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Earl Brand / The Douglas Tragedy

[ Roud 23 ; Child 7 ; G/D 2:220 ; Ballad Index C007 ; trad.]

Bella Higgins of Blairgowrie, Perthshire, sang The Douglas Tragedy in 1954 to Hamish Henderson. This recording was included in 2005 on the Kyloe anthology Hamish Henderson Collects.

Ewan MacColl sang The Douglas Tragedy in 1956 on his and A.L. Lloyd’s Riverside anthology The English and Scottish Popular Ballads (The Child Ballads) Volume III. This and 28 other ballads from this series were reissued in 2009 on MacColl’s Topic CD Ballads: Murder·Intrigue·Love·Discord. Kenneth S. Goldstein commented in the album’s booklet:

This superb tragic ballad is well known in the Northern European nations, from whose analogues we are able to develop the complete ballad, for certain details are lacking in both the Scottish and English versions of the ballad. Two lovers elope from the castle of the bride’s father, only to be stopped by a relative (friend) of the bride’s family. After some discussion as to whether he should be killed, the lovers decide to bribe him into not telling the bride’s father. No sooner do the lovers depart than the malicious relative rides to the castle and tells the bride’s father. This is the point at which the Scottish and English versions of the ballad begin their story.

A second interesting detail not found in the British variants concerns the fight between the hero and members of the bride’s family. In the Scandinavian versions, the hero warns his bride not to speak his name while he is fighting. That is obviously a remnant of the primitive belief that a man’s name and his soul are one, and that to reveal his name is to weaken his body. As the bride sees her brothers and father being killed, she calls out her lover’s name and at that moment he receives his death wound. From that point on the British and Scandinavian ballads tell almost identical stories.

The ballad appears to have been extinct in England since Child’s time; it has been reported frequently in America and still exists in tradition in Scotland.

MacColl’s version was learned from the singing of his mother.

Henry McGregor of Perth, Scotland, sang The Douglas Tragedy (Earl Brand) in 1955 to Peter Kennedy and Hamish Henderson. This recording was included in 2000 on the Rounder CD Classic Ballads of Britain and Ireland Volume 1 which is an extended re-issue of the Caedmon/Topic anthology The Folk Songs of Britain Volume 5.

Jim Moray sang Lord Douglas in 2012 on his CD Skulk. This track was also awarded “Best traditional track” at the BBC Radio 2 Folk Awards 2013.

Jeff Davies sang Earl Brand in 2013 on his and Brian Peters’ CD Sharp’s Appalachian Harvest. Their version was collected by Cecil Sharp on 7 May 1918 from Philander H. Fitzgerald of Nash, Virginia.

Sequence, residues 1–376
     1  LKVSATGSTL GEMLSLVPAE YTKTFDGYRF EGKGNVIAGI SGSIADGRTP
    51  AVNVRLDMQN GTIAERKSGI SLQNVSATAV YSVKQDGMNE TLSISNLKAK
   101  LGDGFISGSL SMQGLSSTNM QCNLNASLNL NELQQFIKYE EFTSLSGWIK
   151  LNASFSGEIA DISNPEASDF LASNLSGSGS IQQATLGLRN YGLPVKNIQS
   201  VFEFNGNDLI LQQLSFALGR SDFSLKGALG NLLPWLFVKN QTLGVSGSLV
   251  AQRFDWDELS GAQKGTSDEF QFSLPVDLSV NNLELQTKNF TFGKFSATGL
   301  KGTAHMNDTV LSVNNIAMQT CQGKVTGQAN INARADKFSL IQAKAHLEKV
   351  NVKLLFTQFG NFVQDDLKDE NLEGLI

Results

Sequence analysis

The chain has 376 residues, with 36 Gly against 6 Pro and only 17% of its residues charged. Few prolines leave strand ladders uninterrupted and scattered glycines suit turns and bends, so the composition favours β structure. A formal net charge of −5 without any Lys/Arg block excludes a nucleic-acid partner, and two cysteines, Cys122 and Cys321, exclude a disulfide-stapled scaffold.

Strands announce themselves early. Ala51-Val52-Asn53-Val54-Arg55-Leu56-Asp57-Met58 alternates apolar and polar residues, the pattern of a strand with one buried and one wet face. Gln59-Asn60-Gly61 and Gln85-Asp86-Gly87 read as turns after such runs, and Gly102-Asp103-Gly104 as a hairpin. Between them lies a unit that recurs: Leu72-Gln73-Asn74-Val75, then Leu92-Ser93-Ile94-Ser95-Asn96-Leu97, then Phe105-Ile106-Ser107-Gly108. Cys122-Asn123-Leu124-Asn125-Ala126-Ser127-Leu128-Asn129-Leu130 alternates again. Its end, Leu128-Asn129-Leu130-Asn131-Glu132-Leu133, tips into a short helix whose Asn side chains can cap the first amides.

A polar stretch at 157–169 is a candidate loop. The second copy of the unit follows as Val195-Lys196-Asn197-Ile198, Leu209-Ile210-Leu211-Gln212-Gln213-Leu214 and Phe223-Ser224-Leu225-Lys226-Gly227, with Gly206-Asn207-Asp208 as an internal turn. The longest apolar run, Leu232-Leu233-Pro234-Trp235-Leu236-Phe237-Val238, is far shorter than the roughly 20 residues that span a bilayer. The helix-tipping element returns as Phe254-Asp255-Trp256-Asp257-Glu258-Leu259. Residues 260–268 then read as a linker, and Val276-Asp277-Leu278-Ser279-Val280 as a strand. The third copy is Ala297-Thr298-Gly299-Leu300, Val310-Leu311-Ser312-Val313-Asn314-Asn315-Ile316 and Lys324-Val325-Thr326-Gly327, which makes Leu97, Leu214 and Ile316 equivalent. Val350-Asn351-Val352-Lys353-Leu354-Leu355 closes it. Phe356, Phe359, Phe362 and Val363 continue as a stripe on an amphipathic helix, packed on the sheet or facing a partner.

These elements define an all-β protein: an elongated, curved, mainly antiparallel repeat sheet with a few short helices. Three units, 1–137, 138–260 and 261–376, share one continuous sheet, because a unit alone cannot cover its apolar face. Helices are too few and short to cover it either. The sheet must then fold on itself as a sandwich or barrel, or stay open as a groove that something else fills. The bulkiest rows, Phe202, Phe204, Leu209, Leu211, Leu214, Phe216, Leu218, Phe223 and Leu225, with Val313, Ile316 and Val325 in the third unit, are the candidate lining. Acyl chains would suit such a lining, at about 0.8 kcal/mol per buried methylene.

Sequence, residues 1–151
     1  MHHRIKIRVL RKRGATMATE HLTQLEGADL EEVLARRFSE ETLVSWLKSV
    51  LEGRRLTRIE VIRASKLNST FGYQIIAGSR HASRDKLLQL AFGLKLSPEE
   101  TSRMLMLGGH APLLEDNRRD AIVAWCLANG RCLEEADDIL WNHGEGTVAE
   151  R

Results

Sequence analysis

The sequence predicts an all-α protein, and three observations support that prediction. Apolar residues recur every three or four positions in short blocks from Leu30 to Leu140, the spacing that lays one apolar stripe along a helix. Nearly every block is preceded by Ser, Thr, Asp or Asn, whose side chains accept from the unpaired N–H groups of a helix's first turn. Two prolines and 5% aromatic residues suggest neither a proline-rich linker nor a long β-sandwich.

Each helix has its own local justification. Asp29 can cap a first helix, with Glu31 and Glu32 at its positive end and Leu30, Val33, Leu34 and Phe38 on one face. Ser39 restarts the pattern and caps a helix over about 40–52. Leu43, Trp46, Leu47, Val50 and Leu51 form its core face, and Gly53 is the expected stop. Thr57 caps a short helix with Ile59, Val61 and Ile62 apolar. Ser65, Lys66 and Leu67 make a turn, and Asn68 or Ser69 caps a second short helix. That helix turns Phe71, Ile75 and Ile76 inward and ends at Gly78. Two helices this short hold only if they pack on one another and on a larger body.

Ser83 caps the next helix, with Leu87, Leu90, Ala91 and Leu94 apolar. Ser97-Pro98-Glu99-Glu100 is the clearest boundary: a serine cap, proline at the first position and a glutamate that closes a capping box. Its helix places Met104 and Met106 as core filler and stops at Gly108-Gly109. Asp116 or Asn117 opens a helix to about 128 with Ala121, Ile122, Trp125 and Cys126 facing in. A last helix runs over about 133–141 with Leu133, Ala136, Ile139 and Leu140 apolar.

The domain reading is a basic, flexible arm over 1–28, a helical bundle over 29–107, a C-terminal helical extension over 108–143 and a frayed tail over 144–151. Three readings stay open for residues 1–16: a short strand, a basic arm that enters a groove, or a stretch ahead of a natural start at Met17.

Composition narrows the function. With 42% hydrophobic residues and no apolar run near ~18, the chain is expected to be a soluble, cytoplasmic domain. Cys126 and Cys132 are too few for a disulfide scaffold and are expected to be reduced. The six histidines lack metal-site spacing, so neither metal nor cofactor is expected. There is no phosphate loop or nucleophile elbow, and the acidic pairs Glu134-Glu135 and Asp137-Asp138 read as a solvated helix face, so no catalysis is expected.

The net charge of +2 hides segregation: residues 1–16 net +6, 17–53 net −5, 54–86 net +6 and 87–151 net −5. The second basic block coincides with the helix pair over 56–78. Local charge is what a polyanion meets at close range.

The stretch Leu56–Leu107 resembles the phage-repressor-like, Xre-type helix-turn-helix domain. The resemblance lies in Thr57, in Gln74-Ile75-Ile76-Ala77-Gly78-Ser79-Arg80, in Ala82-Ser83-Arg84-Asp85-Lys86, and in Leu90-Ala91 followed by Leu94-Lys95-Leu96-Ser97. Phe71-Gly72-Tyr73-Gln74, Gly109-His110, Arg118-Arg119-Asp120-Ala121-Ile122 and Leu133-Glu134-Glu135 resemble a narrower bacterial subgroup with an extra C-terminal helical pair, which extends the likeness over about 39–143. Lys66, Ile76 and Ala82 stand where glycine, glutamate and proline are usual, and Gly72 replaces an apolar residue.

Gigspanner Big Band sang Earl Brand in 2020 on their CD Natural Invention. They noted:

Another discovery from Cecil Sharp’s Appalachian collection. A beautiful tune, but a tragic story. However, we take the image of the rose and the briar to symbolise love conquering all in the end.


Ewan MacColl sings The Douglas Tragedy

“Rise up, rise up, Lord Douglas,” she cried,
“And put on your armour bright;
Let it never be said that a dochter o’ yours
Was married to a lord or knight.

“Rise up, rise up, my sieven bonnie sons,
And pit on your armour bright,
And tak’ better care o’ your youngest sister,
For the eldest’s awa’ last night.”

Lord William looked ower his broad shouther,
It made him blink his e’e,
And there he saw her sieven brithers
Riding ower the lea.

“Get doon, get doon, Lady Margaret,” he said,
“And hold my horse in your hand,
For I must fight your seven brithers
And against your faither stand.”

She took his horse in her milk-white hand,
And never a tear did fa’
Until she saw her sieven brothers slain
And her father like tae fa’.

“O, haud your hand, Lord William,” she said,
“For your straikes are wondrous sair.
There’s mony a lad that I can get
But a faither I’ll never get mair.”

“Then choose, then choose, Lady Margaret," he said,
“You maun choose for tae gang or tae bide.”
“I’ll ride wi’ you, Lord William,” she said,
“For you’ve left me no other guide.”

They rode on and further on,
They rode by the licht of the moon,
Until they cam’ to the bonnie burn side,
And there they ha’e lichted doon.

He lichted doon tae tak’ a drink
O’ the water that ran sae clear,
An’ doon the stream ran his hairt’s blood,
And sair she began tae fear.

“Rise up, rise up, Lord William,” she said,
“For I fear ye are slain.”
“’Tis naethin’ but the shadow of my scarlet coat
That shines in the water sae plain.”

They rode on and further on,
They rode by the licht of the moon,
Until they cam’ to his mither’s ha’ door,
And there they ha’e lichted doon.

“Rise up, rise up, lady mither,” he said,
“O, rise and let us in;
Rise up, rise up, lady mither,” he said,
“That the soonder we may sleep.”

Lord William died in the middle o’ the night,
Lady Margaret she died on the morrow;
Lord William died for the sake o’ his bride,
Lady Margaret she died for sorrow.

Lord William was buried in the old Kirk yard,
Lady Margaret in Mary’s quire,
On the one there grew a bonnie myrtle tree,
On the other a bonnie sweet briar.

They grew and they grew and sae high that they grew
Till they could grow not higher,
And they grew taegether in a true-love knot,
For true lovers tae admire.